EL: The whole arrangement is somewhat strange. Mostly--I'm thinking Malcolm is trying to reassure himself that some of the things he's feeling are okay. That it's not incest or something.
RB: Was it ever tempting to draw bin Laden with the ruined eye or something from the original gunshots, or was it more important to have him recognizable than grotesque?
EL: I thought it was more important to have him be recognizable. Plus--we never really saw the extent of his injuries. All we saw was that one photoshopped picture.
EL: Straight from the tabloids, that one.
RB: Should we read anything into the fact that you refer to the whitney Houston song as "noise" during the chase scene?
EL: Anything making a sound is technically noise. Angel wasn't editorializing.
GH: Was killing bin Laden in fairly graphic fashion somewhat therapeutic? It gave people a chance to see one of the world's most hated figures get killed, something that some folks seemed to get upset about.
EL: I wanted to try and give it closure. The real death just seemed so unreal in a way. There were no pictures or anything and I think a lot of folks just felt kind of hanging. It wasn't therapeutic to me particularly but I was definitely going for a shot that made it clear that this time we know it's over.
GH: Angel's line about feeling guilty about cheering a man's death seemed to be echoed by some folks when bin Laden was killed the first time round.
EL: There is that. I do think that needed to be said.
RB: Is it easier with bin Laden to have Malcolm just say, "Meh. He was a dick" than it would be with most other characters we just saw get blown apart?
EL: Well, he was. Not that bin Laden didn't have a point--but his methods were absolutely inexcusable. I don't think there are a lot of folks thinking he was an okay guy. What he did was horrific.
RB: There are elements of this issue that are very evocative of 2001 or 2002. Not really in a bad way, but were you trying consciously to recapture some of the feelings of an immediately post-9/11world? Between the "I Love NY" shirt and the "soldiers are the real heroes" line and all Angel's very dramatic lines about DESTROYING AMERICA, it feels like some of the comics (and entertainment in general) we got around that time.
EL: It was not an easy issue to write. I didn't want to trivialize what happened on 9/11 yet at the same time--ten years have passed and that distance has made it somewhat less touchy as far as subjects go. My attempt was to try and give the whole thing some sense of closure. With bin Laden getting shot and buried at sea and no official photos there's this linger doubt that what we were told may not be what actually happened. People send me all kinds of stuff--I heard from one guy who was convinced bin Laden died back when Bush was in office but that he was kept on ice so he could be brought out at an opportune time (why Bush would let Obama take all the credit and not drag Osama out during the election to give the Republicans some momentum was never explained). The point being--I think a lot of folks simply don't feel as though it all came to a satisfying conclusion. My attempt was to try and create something akin to that--a bombastic, satisfying end to the Osama bin Laden story.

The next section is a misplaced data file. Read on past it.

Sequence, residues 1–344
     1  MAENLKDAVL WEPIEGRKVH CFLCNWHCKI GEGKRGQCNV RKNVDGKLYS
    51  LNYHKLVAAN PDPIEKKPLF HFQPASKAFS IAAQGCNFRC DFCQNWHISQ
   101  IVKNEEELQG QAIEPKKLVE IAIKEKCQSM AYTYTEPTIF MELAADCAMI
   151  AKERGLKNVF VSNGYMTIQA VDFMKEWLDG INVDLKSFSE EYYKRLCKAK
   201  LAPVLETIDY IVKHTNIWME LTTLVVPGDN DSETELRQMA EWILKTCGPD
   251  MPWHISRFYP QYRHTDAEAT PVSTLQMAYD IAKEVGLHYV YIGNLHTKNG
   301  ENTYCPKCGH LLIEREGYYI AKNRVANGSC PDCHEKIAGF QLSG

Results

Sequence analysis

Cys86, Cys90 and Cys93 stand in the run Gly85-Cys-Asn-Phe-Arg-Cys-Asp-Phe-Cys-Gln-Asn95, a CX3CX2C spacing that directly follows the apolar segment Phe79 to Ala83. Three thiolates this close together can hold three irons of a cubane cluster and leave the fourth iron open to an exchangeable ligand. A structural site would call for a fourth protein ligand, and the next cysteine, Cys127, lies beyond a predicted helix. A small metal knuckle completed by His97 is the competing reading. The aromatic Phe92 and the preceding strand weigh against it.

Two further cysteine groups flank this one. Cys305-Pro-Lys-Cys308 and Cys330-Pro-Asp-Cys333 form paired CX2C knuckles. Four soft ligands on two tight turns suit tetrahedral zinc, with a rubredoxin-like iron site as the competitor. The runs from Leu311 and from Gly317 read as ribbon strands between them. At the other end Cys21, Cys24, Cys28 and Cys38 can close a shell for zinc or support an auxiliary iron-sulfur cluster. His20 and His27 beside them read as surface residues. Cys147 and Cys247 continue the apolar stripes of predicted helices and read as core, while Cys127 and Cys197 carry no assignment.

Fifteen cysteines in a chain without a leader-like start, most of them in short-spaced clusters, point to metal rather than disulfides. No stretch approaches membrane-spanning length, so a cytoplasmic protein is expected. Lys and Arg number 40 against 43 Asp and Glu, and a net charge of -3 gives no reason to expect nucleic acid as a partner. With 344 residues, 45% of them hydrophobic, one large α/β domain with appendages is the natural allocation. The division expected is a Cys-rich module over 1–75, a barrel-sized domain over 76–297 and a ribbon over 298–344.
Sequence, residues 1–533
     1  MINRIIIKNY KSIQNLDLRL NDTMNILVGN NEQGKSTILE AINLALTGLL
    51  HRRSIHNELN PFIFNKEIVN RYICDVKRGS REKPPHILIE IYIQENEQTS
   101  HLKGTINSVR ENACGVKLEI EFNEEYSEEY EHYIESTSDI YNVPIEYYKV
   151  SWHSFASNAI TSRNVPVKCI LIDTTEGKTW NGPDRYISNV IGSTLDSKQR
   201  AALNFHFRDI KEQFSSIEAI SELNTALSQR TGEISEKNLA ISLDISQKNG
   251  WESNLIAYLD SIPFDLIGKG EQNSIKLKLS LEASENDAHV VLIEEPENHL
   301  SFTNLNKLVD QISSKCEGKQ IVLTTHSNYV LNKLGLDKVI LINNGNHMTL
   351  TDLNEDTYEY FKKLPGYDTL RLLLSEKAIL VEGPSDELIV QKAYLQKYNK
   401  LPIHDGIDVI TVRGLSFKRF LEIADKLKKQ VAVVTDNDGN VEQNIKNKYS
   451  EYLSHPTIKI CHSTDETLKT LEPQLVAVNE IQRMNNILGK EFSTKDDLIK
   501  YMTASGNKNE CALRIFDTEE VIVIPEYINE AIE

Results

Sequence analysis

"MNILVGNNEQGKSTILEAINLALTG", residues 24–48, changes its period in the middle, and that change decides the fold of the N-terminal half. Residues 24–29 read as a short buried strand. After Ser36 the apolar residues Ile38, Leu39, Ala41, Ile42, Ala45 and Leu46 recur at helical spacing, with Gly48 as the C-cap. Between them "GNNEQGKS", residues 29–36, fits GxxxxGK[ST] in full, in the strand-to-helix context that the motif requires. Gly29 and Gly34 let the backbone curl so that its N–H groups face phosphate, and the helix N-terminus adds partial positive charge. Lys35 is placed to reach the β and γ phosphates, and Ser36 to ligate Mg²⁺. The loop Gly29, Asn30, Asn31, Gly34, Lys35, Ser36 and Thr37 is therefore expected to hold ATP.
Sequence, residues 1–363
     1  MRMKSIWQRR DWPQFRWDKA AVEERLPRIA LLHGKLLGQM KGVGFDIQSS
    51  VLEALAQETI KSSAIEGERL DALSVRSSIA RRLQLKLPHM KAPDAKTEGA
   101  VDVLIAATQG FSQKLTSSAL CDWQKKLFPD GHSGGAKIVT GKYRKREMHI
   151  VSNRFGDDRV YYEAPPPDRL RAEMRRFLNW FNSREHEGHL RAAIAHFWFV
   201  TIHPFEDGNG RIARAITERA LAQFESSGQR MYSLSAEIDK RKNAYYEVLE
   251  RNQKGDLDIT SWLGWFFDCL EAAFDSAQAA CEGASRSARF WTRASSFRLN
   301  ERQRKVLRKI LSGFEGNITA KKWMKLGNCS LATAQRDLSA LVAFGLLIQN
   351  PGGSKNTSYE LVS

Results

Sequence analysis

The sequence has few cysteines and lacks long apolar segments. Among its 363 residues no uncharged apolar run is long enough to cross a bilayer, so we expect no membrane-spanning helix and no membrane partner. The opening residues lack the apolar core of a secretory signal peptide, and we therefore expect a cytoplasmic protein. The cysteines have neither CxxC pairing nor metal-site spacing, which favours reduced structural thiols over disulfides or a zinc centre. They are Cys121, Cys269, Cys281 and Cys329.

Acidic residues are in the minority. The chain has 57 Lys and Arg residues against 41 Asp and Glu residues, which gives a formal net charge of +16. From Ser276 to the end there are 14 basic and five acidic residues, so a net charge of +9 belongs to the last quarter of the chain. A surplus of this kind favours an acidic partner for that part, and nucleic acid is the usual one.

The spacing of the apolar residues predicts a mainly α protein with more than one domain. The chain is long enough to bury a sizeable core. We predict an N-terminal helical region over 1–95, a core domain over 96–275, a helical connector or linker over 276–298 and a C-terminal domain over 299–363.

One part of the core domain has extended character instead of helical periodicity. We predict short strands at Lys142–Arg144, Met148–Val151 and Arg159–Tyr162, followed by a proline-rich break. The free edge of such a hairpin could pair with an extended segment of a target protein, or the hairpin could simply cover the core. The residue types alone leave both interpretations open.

GH: Savage Dragon has consisted of self-contained stories ever since the Emperor Dragon arc concluded. There's been a regular trade program. The entire series is now available digitally. It really has been the most accessible period in the book's history for new readers to jump onboard. Are you pleased with how everything's going in that regard?
EL: To some extent, yeah, and we're finally doing those oversized collections people have demanded. Hopefully that will go over well. I'm looking forward to them.
GH: And now we've got the first multi-issue arc coming up next. What can you say about this upcoming alien invasion? It's been brewing for a LONG time now.
EL: Yeah--30 years. It was honestly something that we were never going to get to. The whole notion of Vanguard was that he was so far from the action that he would never see any action. But it's eded up being this huge dangling plot thread. Readers have been asking about it for three decades now and with this latest Vanguard serial I wanted Vanguard's life to finally progress a bit and tie in with the lead story so that's how that happened. It helps that Gary Carlson is brilliant and Frank Fosco is terrific on the Vanguard story. They fit more cool stuff into six pages than most writers fit into six issues.